Alligator Snapping Turtle Found In Oregon
Ellisha Rader Mannering
An alligator snapping turtle was found in the Prineville Reservoir, safely removed and humanely euthanized on Friday. Oregon wildlife official say the turtle is the first alligator snapping turtle ever found in the wild in eastern Oregon. How it got there is still a mystery, but wildlife officials say it was likely released into the lake by someone who owned it as a pet and was unable to care for it any longer or not longer wanted it.
“People get these turtles when they are small and release them when they get too big and aggressive to keep as pets,” said Simon Wray, An Oregon Department of Fish and Wildlife conservation biologist. “It’s a poor choice for a pet and the environment.”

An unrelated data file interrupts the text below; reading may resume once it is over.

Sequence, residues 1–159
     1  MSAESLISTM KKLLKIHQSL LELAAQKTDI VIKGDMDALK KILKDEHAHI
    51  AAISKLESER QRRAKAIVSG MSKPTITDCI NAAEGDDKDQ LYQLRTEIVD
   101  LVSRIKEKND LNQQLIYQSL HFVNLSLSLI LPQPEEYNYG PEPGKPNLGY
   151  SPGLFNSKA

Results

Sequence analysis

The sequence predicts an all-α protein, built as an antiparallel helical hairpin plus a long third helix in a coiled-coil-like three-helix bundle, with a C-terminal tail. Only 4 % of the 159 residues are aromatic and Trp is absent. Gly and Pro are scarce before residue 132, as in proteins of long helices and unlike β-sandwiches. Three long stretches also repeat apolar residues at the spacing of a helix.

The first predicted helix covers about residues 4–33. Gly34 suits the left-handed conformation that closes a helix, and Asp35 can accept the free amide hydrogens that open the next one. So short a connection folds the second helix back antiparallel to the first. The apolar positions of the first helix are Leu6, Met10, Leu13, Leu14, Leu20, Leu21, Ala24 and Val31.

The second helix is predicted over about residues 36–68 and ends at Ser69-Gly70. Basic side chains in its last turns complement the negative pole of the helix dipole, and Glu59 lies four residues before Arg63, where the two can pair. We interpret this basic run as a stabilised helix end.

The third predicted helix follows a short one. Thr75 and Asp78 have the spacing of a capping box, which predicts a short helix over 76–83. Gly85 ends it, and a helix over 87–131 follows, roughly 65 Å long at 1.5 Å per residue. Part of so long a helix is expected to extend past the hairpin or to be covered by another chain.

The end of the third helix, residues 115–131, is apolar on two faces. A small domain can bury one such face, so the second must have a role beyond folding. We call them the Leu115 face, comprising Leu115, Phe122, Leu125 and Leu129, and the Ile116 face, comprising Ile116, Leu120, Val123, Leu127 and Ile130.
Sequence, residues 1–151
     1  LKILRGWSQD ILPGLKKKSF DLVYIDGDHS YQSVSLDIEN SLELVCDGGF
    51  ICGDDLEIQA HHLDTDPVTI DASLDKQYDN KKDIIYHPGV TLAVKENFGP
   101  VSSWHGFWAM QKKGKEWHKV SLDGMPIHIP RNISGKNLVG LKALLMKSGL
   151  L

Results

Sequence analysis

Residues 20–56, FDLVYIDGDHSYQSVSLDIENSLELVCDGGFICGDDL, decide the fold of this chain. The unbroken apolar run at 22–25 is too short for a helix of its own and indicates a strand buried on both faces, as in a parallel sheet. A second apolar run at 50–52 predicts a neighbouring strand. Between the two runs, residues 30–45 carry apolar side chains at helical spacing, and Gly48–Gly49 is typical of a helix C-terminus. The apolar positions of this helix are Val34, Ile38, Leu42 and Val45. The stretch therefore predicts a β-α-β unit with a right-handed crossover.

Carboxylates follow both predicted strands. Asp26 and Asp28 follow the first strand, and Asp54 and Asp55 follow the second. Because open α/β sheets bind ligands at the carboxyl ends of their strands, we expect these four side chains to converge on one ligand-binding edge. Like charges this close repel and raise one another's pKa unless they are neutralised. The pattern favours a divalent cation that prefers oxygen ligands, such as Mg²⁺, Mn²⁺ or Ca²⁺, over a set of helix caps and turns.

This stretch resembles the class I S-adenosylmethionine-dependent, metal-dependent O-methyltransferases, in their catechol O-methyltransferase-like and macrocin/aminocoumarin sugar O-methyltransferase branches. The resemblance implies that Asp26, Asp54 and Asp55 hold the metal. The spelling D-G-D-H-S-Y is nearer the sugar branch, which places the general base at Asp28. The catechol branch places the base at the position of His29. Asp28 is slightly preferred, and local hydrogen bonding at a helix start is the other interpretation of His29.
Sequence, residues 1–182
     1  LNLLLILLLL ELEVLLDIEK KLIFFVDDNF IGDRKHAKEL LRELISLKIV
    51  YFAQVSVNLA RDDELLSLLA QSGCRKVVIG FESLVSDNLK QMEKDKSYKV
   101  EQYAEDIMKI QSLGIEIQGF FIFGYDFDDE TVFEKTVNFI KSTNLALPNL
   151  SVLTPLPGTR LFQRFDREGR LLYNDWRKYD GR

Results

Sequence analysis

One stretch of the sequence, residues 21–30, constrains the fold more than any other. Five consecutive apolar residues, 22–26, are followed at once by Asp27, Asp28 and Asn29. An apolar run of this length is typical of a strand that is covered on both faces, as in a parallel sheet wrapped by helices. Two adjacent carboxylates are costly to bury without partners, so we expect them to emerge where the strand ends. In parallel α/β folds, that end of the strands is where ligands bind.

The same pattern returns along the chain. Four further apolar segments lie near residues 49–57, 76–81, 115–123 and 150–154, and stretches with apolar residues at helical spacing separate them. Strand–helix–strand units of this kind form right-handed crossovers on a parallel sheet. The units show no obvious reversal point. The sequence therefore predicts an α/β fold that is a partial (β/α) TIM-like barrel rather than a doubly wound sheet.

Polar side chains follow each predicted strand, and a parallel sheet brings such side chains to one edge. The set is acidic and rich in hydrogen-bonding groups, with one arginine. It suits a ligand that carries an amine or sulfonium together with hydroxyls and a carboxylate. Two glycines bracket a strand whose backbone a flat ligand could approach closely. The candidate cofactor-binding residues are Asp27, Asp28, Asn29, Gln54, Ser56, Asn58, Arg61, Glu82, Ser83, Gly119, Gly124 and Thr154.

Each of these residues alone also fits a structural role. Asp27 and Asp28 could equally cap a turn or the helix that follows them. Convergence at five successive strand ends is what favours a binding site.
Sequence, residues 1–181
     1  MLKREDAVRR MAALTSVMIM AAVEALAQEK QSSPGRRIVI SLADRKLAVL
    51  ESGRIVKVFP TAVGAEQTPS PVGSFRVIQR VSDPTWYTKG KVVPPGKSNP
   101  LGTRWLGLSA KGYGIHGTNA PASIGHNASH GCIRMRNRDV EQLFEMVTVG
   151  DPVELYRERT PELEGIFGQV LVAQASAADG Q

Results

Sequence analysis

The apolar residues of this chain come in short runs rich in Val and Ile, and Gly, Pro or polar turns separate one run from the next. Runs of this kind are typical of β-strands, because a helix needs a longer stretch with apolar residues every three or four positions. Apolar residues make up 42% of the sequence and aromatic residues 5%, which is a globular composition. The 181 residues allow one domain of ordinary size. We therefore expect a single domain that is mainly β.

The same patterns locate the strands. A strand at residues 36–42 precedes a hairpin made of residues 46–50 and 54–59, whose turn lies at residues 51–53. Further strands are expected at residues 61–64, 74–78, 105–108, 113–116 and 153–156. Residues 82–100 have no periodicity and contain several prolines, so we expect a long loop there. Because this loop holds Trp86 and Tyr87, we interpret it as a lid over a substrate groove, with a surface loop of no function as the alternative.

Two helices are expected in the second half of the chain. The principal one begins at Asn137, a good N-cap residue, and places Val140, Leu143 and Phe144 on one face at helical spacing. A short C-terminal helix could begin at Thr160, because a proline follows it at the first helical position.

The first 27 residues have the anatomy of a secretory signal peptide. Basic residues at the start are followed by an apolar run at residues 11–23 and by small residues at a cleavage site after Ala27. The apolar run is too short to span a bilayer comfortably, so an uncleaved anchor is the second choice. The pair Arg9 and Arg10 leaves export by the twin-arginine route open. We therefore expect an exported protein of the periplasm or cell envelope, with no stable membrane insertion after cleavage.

Alligator snapping turtles can weigh over 300 pounds and are very aggressive. They feed on fish, insects, birds and other small animals. When they are introduced to a new environment, they can quickly destroy the ecosystem. Oregon already has a problem with common snapping turtles and wildlife officials do not want alligator snapping turtles to establish themselves in the area and cause more damage.
Although alligator snapping turtles are native to the southeastern United States, there are often sighting of them in the western U.S. as well. They are considered an invasive species in Oregon. The wildlife officials believe that the turtle would not have been able to survive in the reservoir throughout the winter and made the decision to euthanize it. It was first spotted by a fisherman who alerted the Oregon Department of Fish and Wildlife. ODFW officials were able to catch the turtle easily.
Image from Wikimedia Commons.